This interactive narrative follows the Allied D-Day journey from the invasion of Normandy to the siege of Berlin. Featuring poignant interviews with the men who were there, it extends a six-part TV documentary, D-Day to Victory.
Six 3D scenes offer expanded views of the attacks and take users into the heart of the battle through a tapestry of content that includes video interviews with the survivors (including Canadian, American, British and Russian Allied veterans), biographies, artifacts, newspaper clippings and personal photos. For many of the veterans, this will be the last time they are able to retell their stories of the final assault on Nazi-occupied Europe.
• The site took approximately eight months to concept, fund and produce.
• Its huge promotional push consisted of a two-hour launch event organized by the broadcaster; the first hour was dedicated to unveiling the site to veterans and the media and the second hour was a screening of the first episode of the TV series.
• There are literally hundreds of images, videos and audio files (about 5,000 files used on 5 to 6 levels), so the site uses a mixture of bandwidth profiling, low-quality transitions into higher quality scenes and progressive smart loading. Small UI and image elements are loaded upfront and cached while the remainder responds to the user’s connection, progress and interaction.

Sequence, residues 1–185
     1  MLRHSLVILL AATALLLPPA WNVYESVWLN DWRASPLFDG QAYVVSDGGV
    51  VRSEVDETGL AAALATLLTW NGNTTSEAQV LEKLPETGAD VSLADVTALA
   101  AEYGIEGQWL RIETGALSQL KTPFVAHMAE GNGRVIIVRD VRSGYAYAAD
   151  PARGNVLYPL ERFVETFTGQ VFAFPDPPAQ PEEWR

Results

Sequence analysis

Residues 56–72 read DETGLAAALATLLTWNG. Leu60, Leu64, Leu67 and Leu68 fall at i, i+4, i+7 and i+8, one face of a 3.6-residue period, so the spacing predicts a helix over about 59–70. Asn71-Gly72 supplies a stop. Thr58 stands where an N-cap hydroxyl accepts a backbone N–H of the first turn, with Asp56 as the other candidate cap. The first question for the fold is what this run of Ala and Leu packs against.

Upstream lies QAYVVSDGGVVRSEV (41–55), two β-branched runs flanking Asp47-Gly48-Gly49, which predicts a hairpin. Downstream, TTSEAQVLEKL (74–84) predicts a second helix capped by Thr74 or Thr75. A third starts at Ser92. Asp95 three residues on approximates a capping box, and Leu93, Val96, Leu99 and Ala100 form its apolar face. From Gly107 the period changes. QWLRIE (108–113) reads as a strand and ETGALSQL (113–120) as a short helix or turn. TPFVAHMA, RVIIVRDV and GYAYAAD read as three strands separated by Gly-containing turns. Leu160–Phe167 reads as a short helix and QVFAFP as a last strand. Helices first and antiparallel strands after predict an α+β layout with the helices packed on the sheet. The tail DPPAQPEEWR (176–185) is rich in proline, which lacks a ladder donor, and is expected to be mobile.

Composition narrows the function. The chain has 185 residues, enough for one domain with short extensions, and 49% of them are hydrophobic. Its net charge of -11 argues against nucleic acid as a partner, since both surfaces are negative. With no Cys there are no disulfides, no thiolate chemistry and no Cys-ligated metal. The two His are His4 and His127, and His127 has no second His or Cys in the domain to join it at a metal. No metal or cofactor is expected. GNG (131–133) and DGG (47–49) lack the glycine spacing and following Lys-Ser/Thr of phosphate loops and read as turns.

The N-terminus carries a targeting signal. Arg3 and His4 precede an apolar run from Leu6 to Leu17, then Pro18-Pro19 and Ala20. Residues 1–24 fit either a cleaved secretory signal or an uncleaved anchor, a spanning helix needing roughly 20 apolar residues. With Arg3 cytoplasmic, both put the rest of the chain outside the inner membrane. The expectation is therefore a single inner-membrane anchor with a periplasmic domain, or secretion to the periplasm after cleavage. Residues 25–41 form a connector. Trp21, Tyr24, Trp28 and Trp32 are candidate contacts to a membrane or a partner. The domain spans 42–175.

• A technique for embedding data into specific cue points of a video through XML enabled the creative team to use the CG and motion graphics sequences created for the show and transition them to the interactive build in order to match the level of television production with the interactivity of online content.
• To cater to users who want quick access to the content, a Quick View nav allows users to navigate away from the storyline and launch directly into specific sections.
• As users make their way through the content, they’re prompted to share their thoughts in Remember Our Heroes where each comment is represented by a single poppy, the international symbol of remembrance.
• The site’s received close to 250,000 visits since launch with an average of five minutes spent per visit.
// From our friends at Communication Arts